Boone wasn't a 'one hit wonder' either; in four of his first eight years in the minors he hit over .400 (he was on his way to perhaps his greatest campaign in 1930, batting .448 with 22 homers and 96 RBIs when he was sold to the Brooklyn Dodgers in late June). His .402 average with San Antonio in 1923 is the highest in twentieth-century Texas League history; his .389 with New Orleans in 1921 is the fifth highest in the Southern Association; he also led the International League in batting twice. His .370 lifetime average is the minor league record for players with ten or more seasons. He had an exceptional arm, but like Jolley, was slower than a snail riding on the back of a turtle with four broken legs. Although he hit 77 home runs in a season and a half with the Missions, he was not generally regarded as a power hitter. He was, however, a great pure hitter; in eleven of his fourteen seasons in the minors, he hit over .350, and there is no evidence that he couldn't hit major league pitching (again: .319/.393/.473 48 RCAA).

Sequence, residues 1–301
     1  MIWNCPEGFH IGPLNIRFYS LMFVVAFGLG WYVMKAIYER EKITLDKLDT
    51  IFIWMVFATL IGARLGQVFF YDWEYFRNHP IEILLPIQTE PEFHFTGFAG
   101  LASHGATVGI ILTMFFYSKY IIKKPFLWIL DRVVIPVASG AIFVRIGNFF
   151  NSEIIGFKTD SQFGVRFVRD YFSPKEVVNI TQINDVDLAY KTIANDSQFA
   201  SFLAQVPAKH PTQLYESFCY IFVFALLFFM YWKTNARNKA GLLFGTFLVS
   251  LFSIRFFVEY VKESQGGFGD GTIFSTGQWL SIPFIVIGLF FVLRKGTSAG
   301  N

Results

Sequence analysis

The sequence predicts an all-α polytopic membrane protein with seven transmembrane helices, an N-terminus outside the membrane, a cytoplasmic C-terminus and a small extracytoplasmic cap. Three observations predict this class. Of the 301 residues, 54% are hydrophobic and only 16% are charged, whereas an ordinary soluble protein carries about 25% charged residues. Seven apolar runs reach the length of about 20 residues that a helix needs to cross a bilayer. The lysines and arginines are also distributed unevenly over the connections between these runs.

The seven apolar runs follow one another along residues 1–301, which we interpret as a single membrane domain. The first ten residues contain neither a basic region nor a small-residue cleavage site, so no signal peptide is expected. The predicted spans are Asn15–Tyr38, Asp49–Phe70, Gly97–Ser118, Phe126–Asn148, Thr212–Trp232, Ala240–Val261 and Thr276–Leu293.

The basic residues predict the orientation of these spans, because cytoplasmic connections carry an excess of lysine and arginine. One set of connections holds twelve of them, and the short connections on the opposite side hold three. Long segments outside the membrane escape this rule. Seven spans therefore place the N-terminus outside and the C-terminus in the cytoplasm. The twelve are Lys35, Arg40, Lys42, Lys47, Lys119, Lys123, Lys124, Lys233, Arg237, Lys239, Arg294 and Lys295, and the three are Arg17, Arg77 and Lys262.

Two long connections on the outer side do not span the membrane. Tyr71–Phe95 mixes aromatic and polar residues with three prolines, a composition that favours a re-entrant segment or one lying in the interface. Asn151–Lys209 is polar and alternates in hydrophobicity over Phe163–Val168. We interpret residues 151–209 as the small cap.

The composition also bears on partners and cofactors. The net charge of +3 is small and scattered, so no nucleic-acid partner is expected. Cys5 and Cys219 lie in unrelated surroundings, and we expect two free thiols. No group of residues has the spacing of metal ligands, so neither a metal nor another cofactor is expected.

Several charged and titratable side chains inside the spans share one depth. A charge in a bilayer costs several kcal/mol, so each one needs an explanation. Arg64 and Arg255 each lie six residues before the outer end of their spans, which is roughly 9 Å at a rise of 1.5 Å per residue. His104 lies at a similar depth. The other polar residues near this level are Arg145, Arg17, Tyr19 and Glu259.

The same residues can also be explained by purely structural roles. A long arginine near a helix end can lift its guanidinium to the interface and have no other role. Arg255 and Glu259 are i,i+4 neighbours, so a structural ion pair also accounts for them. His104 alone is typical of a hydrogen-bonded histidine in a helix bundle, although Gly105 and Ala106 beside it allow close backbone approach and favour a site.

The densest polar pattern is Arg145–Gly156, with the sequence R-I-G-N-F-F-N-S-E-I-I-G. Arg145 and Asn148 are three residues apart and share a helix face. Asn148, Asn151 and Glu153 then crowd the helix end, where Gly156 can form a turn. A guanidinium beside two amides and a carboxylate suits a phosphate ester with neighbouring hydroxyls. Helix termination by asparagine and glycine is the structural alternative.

Joe Hauser was a bonafide major league talent but had minor league knees. He was a favorite of Connie Mack who kept first base open for him. When healthy he was a productive hitter having consecutive seasons of .307/.398/.475 (26 RCAA) 17 HR 94 RBI and .288/.358/.516 (19 RCAA) 27 HR 115 RBI (1923-24) but had parts of other seasons where he's knee joints sidelined him for months at a time -- sometimes full seasons. Hauser's career continued in the minors, where he became the only player to have two 60-home-run seasons. Hauser enjoyed an outstanding four and-a-half year run. Some highlights included; a 63 HR season with Baltimore of the International League, led the IL in HR's the following season went to Minneapolis to play with the Millers of the American Association leading the league in circuit clouts with 49. In 1933 he broke his own home run record with 69, and he was off to a great start in 1934--33 homers, 88 RBIs in 82 games--when he shattered his kneecap (again), knocking him out for the season. He continued to play until 1942 but never came close to achieving the success he had in the early 1930s.